In the Netherlands, the issue of Modern social-housing estates is also problematic. Housing corporations claim that their main responsibility is providing affordable dwellings – which is correct – but they seem to forget about their own history. In Reeuwijk, Rietveld built one of his few social housing projects, involving 52 single family homes with alternating fronts and backs. As far as I know, this is the only realized example of this typology. Now, a few decades later, such dwellings can never meet present energy standards. Aspects of social cohesion and public appreciation don’t make it to the spreadsheets of financial management, and the Reeuwijk houses faced demolition and replacement. Apparently, now the housing corporation will no longer pursue this plan due to lack of resources. Saved by the bell!
What worries me a lot is that sustainability arguments are misused to disqualify heritage buildings and to do away with them. Embodied energy, CO2 and nitrogen could already cast another light on the true performance of these buildings when understanding that their lifespan will be prolonged as a result of heritage listing. But those boxes can’t yet be ticked in the managers’ manuals. One day, we’ll regret this.

Why is it important for TU Delft to have the Heritage and Design course? What can it contribute?
The master´s course in Heritage and Architecture at TU Delft is addressing all the issues that I have brought up. Together with the chairs of Heritage and Values and Heritage and Technology we teach students to analyze and understand heritage buildings before – guided by my chair of Heritage and Design – proposing conservation strategies and interventions for their adaptive re-use. The issue of adaptive re-use of heritage buildings is highly relevant right now. In Europe, more than half of all architectural commissions concern existing real estate and, also in real-estate investments, heritage buildings are the first ones to stand out for preservation. No wonder that around 25 per cent of all architecture students at the faculty in Delft graduate from Heritage and Architecture. Our master´s programme involves courses on 20th-century heritage at every level, so students who want to focus on that can do so. We find that many Asian students are also attracted to recent heritage, as it becomes increasingly topical in their home countries.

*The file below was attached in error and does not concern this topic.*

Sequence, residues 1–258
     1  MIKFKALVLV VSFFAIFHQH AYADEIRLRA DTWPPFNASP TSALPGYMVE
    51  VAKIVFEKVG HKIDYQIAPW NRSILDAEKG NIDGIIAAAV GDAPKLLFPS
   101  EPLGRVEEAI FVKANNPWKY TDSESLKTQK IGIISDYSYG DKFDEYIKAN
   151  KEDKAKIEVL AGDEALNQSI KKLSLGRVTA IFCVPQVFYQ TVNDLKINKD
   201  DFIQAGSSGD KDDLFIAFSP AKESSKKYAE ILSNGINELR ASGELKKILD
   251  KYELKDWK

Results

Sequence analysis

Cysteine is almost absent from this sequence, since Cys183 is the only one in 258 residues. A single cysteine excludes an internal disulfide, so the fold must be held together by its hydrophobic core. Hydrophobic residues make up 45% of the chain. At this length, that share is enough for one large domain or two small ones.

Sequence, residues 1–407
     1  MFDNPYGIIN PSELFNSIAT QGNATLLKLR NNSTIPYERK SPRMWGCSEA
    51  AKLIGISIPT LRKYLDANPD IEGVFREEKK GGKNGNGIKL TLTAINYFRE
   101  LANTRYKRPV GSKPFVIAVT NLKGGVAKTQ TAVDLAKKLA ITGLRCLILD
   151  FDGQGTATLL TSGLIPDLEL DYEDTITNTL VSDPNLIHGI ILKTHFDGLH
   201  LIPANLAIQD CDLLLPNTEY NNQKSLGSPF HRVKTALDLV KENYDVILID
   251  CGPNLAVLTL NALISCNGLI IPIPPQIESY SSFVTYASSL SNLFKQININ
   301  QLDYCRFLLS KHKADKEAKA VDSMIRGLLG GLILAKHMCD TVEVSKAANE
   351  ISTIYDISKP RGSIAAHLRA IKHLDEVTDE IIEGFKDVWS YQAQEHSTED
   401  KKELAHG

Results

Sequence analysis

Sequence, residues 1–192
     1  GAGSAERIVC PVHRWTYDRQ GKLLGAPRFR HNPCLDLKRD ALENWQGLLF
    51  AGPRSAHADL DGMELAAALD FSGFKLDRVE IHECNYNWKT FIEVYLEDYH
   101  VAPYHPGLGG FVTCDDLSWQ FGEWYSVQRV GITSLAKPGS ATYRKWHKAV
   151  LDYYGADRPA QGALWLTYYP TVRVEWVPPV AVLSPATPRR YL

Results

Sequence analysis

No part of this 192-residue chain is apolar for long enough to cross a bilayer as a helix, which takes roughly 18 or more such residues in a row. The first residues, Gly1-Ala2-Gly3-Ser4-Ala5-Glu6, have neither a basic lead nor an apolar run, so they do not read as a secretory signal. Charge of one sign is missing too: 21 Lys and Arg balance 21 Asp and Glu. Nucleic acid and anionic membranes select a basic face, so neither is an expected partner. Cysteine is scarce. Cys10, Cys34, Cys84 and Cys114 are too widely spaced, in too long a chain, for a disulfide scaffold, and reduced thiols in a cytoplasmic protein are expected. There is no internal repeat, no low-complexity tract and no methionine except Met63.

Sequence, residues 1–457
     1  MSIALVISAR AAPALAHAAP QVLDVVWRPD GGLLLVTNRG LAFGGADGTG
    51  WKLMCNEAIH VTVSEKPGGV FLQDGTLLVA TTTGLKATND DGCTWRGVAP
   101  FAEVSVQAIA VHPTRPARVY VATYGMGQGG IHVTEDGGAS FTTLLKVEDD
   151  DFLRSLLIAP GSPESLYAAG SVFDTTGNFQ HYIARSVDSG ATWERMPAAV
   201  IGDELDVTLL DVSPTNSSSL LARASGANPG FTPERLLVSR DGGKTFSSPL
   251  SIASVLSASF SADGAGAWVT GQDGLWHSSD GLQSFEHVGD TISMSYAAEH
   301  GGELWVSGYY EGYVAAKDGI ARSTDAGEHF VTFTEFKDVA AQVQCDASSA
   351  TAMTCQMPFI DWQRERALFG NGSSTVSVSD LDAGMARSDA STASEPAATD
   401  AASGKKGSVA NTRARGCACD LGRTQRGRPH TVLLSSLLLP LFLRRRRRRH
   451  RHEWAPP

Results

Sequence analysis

What issues are you looking forward to discussing at the conference?
I believe that the whole issue of private versus public ownership, and the related regulations regarding sustainability and public access, remain a top priority. That means I will also focus on how to involve a next generation of dedicated young professionals in this field.

Do you have a favourite young heritage house (1965 or younger), and why?
I’m going to tamper with your cut-off date here, because one of the most special young-heritage houses I have ever visited is the Schaffer Residence in Los Angeles, designed by John Lautner in 1949. That’s where Tom Ford shot his movie A Single Man. It’s privately owned so alas, not on the Iconic Houses register. Another one is Rietveld’s House Van den Doel, built in 1958 and also privately owned. It’s a real masterpiece. I believe it will be included in the post-conference tours – perhaps a once-in-a-lifetime opportunity to see that house!

What are the most hopeful circumstances for heritage homes currently?
There is a broad and growing appreciation for Modern heritage homes. A large number of such houses are being embraced and cherished by a new generation of aficionados. Even if that means that such houses may not be publicly accessible, the most important thing is that they survive.

The Midcentury Modern Schaffer Residence by architect John Lautner in Glendale, CA, USA, 1949. Photo Matthew Letcher. 
Om-en-om woningen, Gerrit Rietveld, Reeuwijk, The Netherlands, 1959. 
Recently restored Private house Van den Doel, Gerrit Rietveld, Ilpendam, The Netherlands, 1959. 

Jane Szita

Did you become curious about the entire lecture and tour program?
Check it out or register here >> www.aanmelder.nl/ihc2020

Publication date 6 December 2019